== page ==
Israeli High Court Ruling Defuses Confrontation over Orient House
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Israeli High Court Ruling Defuses Confrontation over Orient House

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Israel’s High Court of Justice has defused an issue that could have prompted violence days before Israel’s elections.

The high court on Tuesday delayed implementation of a government order to close three offices at Orient House, the Palestinians’ de facto headquarters in eastern Jerusalem.

Ruling on a petition filed by an Israeli peace group, the court gave state and Palestinian officials one week to explain why negotiations to resolve the dispute over the offices had failed.

The petitioners argued that Prime Minister Benjamin Netanyahu’s drive to close the offices was a thinly veiled attempt to get votes. They also argued that the closure could set off violent unrest and pose a danger to the public.

The Palestinians had refrained from appealing to the court, fearing the move would be interpreted as their tacit recognition of Israeli sovereignty over eastern Jerusalem, which Israel captured during the 1967 Six-Day War.

The ruling, which postponed a potentially explosive situation until after Israel’s elections, came after Israeli officials served closure orders on the offices the night before.

The orders were served after Israel and the Palestinians failed to reach an understanding, despite intensive contacts between Public Security Minister Avigdor Kahalani and representatives from Orient House.

According to Israeli media reports, the Palestinians had agreed to transfer the operations of the offices, but had rejected the Israeli demand to close down the offices.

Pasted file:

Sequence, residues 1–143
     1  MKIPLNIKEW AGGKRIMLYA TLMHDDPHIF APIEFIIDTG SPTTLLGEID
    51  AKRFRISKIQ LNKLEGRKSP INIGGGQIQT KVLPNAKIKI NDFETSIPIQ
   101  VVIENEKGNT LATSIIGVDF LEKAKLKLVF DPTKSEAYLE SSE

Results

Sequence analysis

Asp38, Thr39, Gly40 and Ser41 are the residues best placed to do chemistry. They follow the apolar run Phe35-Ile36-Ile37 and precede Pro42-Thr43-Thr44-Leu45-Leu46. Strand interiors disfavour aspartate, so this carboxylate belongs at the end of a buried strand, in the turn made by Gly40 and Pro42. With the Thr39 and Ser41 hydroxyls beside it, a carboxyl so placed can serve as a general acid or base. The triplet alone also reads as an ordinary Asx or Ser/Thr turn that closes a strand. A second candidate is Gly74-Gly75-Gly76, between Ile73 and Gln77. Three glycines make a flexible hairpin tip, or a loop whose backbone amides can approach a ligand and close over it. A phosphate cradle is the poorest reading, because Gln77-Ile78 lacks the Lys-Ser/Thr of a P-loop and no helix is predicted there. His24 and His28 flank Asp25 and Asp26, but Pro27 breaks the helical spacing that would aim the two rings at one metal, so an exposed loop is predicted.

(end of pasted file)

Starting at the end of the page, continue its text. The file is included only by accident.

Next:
The reports further said that while Netanyahu had pressed for enforcing the closure orders, Kahalani had argued for giving more time to the negotiations out of concern that sending Israeli police into Orient House would lead to bloodshed.

The court ruling was welcomed by Israeli opposition members, who charged that the prime minister, who has been lagging in opinion polls behind Labor Party candidate Ehud Barak, was trying to force a confrontation in order to take a tough stand on Jerusalem prior to next week’s elections.

Jerusalem Mayor Ehud Olmert also welcomed the ruling.

A member of Netanyahu’s Likud Party, Olmert said he had advised Netanyahu earlier this week against issuing the orders before the Israeli elections.

Olmert, who may seek the party leadership if Netanyahu loses the elections, said that while under other circumstances closure of the offices would be justified, in the present circumstances it would appear to be politically motivated.

For his part, Netanyahu said the ruling was expected, and that the government would abide by the law.

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